Broccoli and its other vegetable cousins have for long been associated with cancer obstruction. Experiments done hitherto have showed that broccoli can stop the growth of cancer but not much was known as to how.
But now the scientists have stumbled on to a key ingredient that appears to be the reason why broccoli is so effective. A potential biochemical basis has been discovered by a team of scientists. It is, apparently, this biochemical basis that lends broccoli, cauliflower and other cruciferous vegetables the cancer-fighting ability.
Fung-Lung Chung and his team showed that broccoli and its veggie cousins contain substances called isothiocyanates (or ITCs) that apparently stops cancerous cells from growing. However, it was not known exactly how these substances work. But now some new interesting findings have surfaced which may prove vital to developing improved strategies for fighting cancer in humans.
The tumor suppressor gene p53 is, supposedly, the key player in keeping cells healthy and preventing them from starting the abnormal cancerous growth. During mutation this gene p53 does not offer this protection and these mutations take place in 50% of all human cancers.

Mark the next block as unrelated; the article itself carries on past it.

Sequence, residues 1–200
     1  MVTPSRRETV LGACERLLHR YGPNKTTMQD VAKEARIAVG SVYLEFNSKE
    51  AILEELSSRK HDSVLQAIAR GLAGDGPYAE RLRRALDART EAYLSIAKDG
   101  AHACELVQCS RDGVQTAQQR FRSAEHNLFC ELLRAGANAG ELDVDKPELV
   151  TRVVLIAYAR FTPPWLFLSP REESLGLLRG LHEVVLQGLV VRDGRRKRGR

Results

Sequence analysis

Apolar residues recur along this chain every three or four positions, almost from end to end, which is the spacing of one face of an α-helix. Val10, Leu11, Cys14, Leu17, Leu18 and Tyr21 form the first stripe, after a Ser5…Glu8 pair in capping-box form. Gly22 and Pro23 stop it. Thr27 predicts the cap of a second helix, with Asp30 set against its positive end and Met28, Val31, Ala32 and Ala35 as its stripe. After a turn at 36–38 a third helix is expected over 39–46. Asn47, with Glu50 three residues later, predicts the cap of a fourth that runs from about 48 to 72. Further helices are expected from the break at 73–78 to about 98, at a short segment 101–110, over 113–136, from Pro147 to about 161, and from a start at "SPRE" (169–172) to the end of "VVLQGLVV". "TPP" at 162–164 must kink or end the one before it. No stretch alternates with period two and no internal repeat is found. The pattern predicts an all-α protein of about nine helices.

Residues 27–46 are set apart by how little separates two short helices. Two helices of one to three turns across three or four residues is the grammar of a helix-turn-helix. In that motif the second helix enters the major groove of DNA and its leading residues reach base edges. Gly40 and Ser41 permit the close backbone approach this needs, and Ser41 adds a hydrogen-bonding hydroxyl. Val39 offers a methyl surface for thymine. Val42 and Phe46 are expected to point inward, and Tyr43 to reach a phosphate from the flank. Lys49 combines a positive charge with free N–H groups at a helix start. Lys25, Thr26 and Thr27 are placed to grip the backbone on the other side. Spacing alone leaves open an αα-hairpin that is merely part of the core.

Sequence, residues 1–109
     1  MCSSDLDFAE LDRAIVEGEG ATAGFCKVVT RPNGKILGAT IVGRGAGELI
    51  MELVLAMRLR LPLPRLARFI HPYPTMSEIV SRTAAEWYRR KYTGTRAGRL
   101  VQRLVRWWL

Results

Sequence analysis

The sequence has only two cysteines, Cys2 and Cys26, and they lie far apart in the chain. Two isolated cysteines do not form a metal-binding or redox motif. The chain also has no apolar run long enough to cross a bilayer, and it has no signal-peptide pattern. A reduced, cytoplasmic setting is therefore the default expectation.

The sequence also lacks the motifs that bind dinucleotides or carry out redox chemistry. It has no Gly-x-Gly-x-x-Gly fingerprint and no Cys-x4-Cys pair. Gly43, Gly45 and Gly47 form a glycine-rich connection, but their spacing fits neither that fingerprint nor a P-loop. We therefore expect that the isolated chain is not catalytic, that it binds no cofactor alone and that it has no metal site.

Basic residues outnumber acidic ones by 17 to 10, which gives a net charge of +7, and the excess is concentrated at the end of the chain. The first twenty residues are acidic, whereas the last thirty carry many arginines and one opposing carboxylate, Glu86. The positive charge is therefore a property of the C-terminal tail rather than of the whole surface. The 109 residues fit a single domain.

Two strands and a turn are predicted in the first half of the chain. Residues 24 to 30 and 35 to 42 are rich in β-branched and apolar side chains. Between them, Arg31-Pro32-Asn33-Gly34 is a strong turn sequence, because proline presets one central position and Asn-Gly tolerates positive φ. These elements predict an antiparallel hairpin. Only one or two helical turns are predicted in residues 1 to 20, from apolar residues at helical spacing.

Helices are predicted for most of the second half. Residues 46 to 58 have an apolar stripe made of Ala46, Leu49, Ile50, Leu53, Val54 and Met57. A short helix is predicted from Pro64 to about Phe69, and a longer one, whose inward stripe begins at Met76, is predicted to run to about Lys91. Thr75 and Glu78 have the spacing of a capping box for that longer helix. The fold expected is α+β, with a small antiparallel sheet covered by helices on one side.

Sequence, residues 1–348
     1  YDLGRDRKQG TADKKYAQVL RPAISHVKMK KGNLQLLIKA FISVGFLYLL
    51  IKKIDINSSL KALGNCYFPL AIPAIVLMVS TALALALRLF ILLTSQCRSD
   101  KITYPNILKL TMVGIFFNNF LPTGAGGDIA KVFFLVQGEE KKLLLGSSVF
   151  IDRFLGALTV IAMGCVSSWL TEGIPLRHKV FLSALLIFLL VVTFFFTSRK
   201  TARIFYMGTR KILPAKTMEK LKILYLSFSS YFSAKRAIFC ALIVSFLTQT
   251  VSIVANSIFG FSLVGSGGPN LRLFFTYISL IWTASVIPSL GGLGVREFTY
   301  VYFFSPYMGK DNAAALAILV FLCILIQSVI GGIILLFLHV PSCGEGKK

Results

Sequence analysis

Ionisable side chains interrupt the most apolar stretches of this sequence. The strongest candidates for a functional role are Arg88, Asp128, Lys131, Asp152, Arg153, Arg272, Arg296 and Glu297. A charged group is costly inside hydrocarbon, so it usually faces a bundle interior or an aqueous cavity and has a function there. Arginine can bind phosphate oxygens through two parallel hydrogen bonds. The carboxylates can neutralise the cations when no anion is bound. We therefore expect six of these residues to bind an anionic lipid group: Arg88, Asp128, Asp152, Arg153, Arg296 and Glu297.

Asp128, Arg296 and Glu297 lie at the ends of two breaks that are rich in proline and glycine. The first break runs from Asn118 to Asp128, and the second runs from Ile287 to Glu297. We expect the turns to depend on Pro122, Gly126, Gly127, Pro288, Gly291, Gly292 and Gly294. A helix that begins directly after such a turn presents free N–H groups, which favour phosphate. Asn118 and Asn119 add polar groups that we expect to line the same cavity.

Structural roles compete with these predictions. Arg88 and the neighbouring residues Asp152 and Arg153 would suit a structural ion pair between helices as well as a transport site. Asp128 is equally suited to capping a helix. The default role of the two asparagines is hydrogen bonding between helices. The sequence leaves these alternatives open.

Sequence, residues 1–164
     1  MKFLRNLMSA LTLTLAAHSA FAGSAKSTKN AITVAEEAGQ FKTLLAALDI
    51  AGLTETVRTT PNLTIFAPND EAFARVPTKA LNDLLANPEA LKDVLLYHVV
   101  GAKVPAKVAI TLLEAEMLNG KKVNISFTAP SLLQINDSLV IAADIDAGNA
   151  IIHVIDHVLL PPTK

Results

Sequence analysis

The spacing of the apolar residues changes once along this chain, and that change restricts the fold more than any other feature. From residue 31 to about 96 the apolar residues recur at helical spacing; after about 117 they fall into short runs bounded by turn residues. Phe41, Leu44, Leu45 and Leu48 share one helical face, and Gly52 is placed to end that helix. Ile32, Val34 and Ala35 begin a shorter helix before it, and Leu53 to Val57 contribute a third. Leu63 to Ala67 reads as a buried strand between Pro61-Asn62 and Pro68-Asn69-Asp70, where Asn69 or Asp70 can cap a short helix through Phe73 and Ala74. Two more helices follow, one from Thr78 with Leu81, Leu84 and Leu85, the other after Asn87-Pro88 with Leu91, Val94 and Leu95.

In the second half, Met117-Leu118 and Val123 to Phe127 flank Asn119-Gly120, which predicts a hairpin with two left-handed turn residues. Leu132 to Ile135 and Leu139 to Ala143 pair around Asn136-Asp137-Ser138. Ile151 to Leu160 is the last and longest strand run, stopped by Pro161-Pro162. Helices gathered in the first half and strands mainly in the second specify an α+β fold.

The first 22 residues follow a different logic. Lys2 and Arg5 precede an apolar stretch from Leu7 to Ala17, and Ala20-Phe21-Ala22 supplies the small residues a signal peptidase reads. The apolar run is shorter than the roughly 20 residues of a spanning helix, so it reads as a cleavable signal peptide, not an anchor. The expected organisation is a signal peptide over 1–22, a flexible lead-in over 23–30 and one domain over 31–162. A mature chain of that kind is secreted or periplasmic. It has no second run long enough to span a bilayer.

The new report suggests that ITCs may be working by targeting this gene. This report appears in the ACS’ Journal of Medicinal Chemistry and may prove to be highly effective in prevention and treatment of cancer in the future.
The scientists carefully examined the effect of ITCs on various cancer cells including lung, breast and colon cancer with and without the defective tumour suppressor gene. The findings suggested that the ITCs could effectively remove the defective p53 protein. Though it is too early to conclude anything with finality, in the long run drugs based on natural or custom-built ITCs may help to combat various forms of cancer.